Seen at: the Gladstone Hotel Ballroom, 12 a.m.
Technical difficulties and equipment issues unfortunately affected this London, Ontario-based folk rock act throughout their set. Although frontwoman Olenka Krakus took the setbacks in stride, changing the set list on the fly like a pro, the six-person outfit seemed to lack its usual lustre. Fortunately, Krakus and violinst/vocalist Sara Froese largely redeemed the set’s troubled spots with an especially strong encore, performing a haunting rendition of “Motel Blues,” off their latest album And Now We Sing.
Seen at: Lee’s Palace, 12 a.m.
Cults described themselves as “a romantic band” to the sardine-packed Lee’s Palace crowd: their music is about love—bandmates Madeline Follin and Brian Oblivion are dating—and Follin kept playing with the hem of her dress in a very coy and adorable way. But with three supporting band members in their live show, Cults’ happy ’60s style took on a distinctive harder and edgier tone. It still sounded good, just not like what audiences can hear on the radio. But if anyone knows the problems and solutions to keeping a romance alive on the road, it’s Follin and Oblivion. At least it better be.
Seen at: Drake Hotel Underground, 12 a.m.
Our first note at the Matters’ set: “We’ve missed these guys!” The D’Urbervilles 2.0 have upgraded with tinges of lead singer John O’Regan’s Diamond Rings project; also, O’Regan’s busy solo touring schedule has imbued him with an even stronger presence as a frontman (though to our mind, he and the boys were always great as the D’Urbs, too). Adding some keys and a darker synth sound you can dance to is a canny shift for the band (the new name is easier to wrap your head around, too.)
Seen at: Sneaky Dee’s, 1 a.m.
Talk about your sweat lodges. Jeepers. An oppressively humid Sneak’s upstairs hosted local roots-rockets Great Bloomers, whose lineup has been entirely shaken up in the past year, save for the consistent presence of singer/songwriter/guitarist Lowell Sostomi. Though trimmed down to a four piece (keyboardist Shawn Dell recently parted ways with Bloomers), the band’s sound is as dense as ever, getting the Sneak’s floor literally shaking with foot-stomping and other woo-hooing hullabloo. Former Bloomers ivory-tickler Andrew Kekewich (of Wooden Sky) cameoed to play keys for a few tunes and join-in for the chorus harmony sing-a-longs, which was adorable.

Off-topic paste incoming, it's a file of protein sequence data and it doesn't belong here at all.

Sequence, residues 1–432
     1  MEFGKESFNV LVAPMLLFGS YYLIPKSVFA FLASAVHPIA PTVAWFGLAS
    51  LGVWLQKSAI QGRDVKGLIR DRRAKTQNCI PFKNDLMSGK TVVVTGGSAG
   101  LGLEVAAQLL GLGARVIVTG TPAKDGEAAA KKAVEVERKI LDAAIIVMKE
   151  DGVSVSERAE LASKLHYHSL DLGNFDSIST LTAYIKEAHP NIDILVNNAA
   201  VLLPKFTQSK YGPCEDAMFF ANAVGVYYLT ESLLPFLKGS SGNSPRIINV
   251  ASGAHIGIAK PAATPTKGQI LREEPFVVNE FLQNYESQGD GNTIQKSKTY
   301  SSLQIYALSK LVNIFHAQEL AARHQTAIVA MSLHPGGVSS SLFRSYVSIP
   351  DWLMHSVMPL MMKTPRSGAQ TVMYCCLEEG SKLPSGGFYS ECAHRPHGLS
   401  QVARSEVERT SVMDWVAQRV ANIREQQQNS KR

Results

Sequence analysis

Seen at: Sneaky Dee’s, 1 a.m.
A snatch of conversation we overheard just prior to the Sheezer set: “An all girl Weezer cover band—what’s better than that?” “Nothing, really.” Toronto (and indeed, everywhere this act has toured) has fallen hard for the quintet of moonlighting musicians. That’s because the ladies have the experience and chops to do justice to the early beloved material of Rivers Cuomo and co. This was one of the most enthusiastic response from a capacity crowd we saw at NXNE; as we wrote that night: “Mosh pit going at the @sheezertoronto show—but instead of bodychecking, there’s a lot of enthusiastic hugging.”
Seen at: Horseshoe Tavern, 2 a.m.
Deerhoof is a weird band, with a highly-devoted fan base of similar oddballs. Needless to say, the crowd was s-t-o-k-e-d to see Deerhoof play as The Horseshoe’s special guests on Friday night, and they certainly didn’t disappoint in delivering their offbeat beats with charm only a mother could love. A little uncomfortable with the spoken word—Greg Saunier’s address to the crowd was an adorably awkward string of “Toronto,” “shows,” “love,” “levels,” and “thank you”—they let their music do the talking for them, Satomi Matsuzaki’s childlike vocals were enough to fill in for onstage banter. We got a good selection from their latest album, 2011’s Deerhoof vs. Evil, but the highlight was an exciting and interactive closer of “Come See the Duck.” This band is still considered indie despite opening for The Pixies, releasing 11 albums, and having legions of followers, and it was a real treat to see them at The Shoe.
Saturday, June 18Live in Bellwoods: Allie Hughes, Forest City Lovers, and Harlan Pepper
Seen at: Trinity Bellwoods Park, 3:30–5:30 p.m.
We love to see free, unplugged events taking place during the daylight hours of NXNE, especially when they boast some of our favourite lineups. We love to see them take place outside, especially in Trinity Bellwoods, especially when it’s frigging hot as Hades out. We love to see them so well-attended: there were probably over 200 people thronged around the acts like the ants around their picnic lunches.